Knowledge and attitude of postnatal mothers towards neonatal care in a rural area of Maharashtra, India
Keywords:Rearing practices, Postnatal mother, Neonatal period
Background: The neonatal period encompassing the first 28 days of extra uterine life is the most crucial time in baby’s life. It is an important link in the chain of events from conception to childhood. The mother’s or caregivers` past experiences and knowledge play an important role in safeguarding the new-born’s health and enhancing adaptation to the new environment.
Methods: A community based cross sectional study was carried out in the rural area of Pune district for 2 months period. Thirty postnatal mothers within 28 days of delivery were given semi-structured questionnaire to assess neonatal rearing practices amongst them.
Results: Seventeen percent mothers initiated breast feeding within one hour of delivery, 15% after two days while 33% did not give colostrum to the baby. Thirty seven percent women gave no prelacteal feeds. Eighty seven percent gave zero polio doses to their baby. Sixty three percent bathed the baby by day two while 11% bathed as late as after 30 days. Ninety seven percent gave sesame seed oil massage to the baby.
Conclusions: Most mothers had good practices even though the beliefs were different. Awareness of the need to initiate breast feeding within one hour and to continue it during baby’s illness and need for exclusive breast feeding for first six months is essential.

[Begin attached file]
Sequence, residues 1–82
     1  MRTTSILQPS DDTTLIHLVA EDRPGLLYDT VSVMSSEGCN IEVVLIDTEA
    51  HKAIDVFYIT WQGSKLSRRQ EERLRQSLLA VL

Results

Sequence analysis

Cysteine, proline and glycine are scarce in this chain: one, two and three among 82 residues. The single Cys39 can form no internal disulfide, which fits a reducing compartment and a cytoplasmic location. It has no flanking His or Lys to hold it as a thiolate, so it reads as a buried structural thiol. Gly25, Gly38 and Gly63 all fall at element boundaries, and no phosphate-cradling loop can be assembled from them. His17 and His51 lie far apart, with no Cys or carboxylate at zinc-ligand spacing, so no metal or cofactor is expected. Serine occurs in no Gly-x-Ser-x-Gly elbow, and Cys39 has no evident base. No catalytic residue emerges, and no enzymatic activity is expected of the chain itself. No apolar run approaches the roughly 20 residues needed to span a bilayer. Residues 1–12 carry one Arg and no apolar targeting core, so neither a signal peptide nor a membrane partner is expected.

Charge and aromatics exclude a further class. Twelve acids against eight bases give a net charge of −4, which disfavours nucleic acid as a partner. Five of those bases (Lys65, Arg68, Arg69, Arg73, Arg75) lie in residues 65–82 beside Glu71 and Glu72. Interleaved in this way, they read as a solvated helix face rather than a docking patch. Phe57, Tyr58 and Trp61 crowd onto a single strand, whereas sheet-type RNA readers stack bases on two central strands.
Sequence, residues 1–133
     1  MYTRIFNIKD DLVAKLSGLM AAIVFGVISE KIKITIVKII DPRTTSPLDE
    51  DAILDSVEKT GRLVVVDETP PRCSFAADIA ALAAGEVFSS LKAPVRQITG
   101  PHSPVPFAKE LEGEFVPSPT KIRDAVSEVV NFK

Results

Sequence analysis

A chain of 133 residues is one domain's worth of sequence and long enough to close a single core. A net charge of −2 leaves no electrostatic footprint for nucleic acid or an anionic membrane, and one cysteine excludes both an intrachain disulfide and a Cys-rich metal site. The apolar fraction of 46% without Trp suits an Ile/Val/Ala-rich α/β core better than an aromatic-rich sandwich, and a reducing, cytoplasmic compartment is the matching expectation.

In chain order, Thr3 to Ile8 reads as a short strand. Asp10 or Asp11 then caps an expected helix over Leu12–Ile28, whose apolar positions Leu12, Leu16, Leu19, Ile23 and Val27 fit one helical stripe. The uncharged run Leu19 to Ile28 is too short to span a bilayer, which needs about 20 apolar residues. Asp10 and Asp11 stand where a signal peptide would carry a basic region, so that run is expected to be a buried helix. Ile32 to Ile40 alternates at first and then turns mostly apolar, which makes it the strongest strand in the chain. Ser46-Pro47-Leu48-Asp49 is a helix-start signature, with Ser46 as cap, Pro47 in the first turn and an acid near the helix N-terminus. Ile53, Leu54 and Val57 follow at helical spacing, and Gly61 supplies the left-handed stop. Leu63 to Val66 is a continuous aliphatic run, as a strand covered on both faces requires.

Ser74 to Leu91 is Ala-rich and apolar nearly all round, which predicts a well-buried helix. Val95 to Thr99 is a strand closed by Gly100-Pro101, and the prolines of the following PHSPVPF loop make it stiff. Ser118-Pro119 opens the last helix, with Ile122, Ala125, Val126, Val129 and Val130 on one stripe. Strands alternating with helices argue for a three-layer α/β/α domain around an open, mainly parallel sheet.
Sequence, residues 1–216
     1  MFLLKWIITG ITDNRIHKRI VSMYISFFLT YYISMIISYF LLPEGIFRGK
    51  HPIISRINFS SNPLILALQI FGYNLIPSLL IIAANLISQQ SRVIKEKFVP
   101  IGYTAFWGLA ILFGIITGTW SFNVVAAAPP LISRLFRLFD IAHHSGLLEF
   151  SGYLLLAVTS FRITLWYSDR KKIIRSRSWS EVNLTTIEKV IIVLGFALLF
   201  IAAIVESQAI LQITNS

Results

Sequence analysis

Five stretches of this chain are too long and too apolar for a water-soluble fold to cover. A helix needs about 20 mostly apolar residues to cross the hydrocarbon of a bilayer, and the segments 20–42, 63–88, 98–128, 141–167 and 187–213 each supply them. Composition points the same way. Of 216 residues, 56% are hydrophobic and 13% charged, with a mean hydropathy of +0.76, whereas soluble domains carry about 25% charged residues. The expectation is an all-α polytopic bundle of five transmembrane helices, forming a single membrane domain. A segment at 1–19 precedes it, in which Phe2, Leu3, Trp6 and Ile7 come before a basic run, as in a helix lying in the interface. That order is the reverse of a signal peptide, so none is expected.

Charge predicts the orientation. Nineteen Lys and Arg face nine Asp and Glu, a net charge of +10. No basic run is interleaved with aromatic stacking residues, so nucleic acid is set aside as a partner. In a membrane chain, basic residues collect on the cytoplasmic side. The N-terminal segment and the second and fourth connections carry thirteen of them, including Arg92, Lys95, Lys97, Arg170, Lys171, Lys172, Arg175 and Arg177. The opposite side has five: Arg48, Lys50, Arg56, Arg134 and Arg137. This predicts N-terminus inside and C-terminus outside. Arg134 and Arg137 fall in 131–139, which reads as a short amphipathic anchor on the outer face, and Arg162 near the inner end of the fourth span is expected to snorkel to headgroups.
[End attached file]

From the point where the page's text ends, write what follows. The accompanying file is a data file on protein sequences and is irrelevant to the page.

Ghai OP. Essential Pediatrics, CBS Publishers, New Delhi, 6th edition, 2008; pp. 169.
Singh M. Traditional and cultural practices for the care of new-born babies. In: Care of the new-born. 4th ed. New Delhi: Sagar publishers; 1997. pp. 142-144.
National Fact Sheet India 2005-2006. National Family Health Survey 3 (NFHS-3) Ministry of Health and Family Welfare, Government of India. International institute for population studies, Mumbai, 2005-2006. Available at http://www.rchiips.org/NFHS/PDF/India.pdf.
Wong D. Essential of Pediatric Nursing, 9th ed. Missouri: Mosby publications. 2000; pp. 144-45.
Bryce J, Boschi-Pinto C, Shibuya K, Black RE, WHO estimates causes of death in children. Lancet. 2005;365(9465):1147-52.
Dadhich JP, Paul V. State of India’s New-borns Report. New Delhi: National Neonatology Forum and Saving New-born Lives/Save the Children; 2004.
Hyder A, Morrow R, Wali S, Mc Guckin J. Burden of disease for neonatal mortality in South Asia and Sub Saharan Africa. Washington,DC: Save the children federation-USA; 2001. pp. 1-93.
Lauderdale J. Childbearing and Transcultural nursing care issues. In: Andrews M, Boyle J, editors. Transcultural concepts in nursing care. 3rd ed. Philadelphia: Lippincott; 1999. pp. 81-106.
UNICEF/WHO/The World Bank/UN Pop Div. Levels and trends in child mortality. Report 2013. Available at http://www.who.int/ maternal_child_adolescent/ epidemiology/ profiles/ neonatal_child/ind.pdf
State Fact sheet 2007-2008. District level household and facility survey (DLHS-3), 2007-2008. Available at: http://www.rchiips.org/state-fact-sheet-rch3.html
Dadhich JP, Agarwal RK. Main streaming early and exclusive breast feeding for improving child survival. Indian pediatr. 2009;46(1):11-7.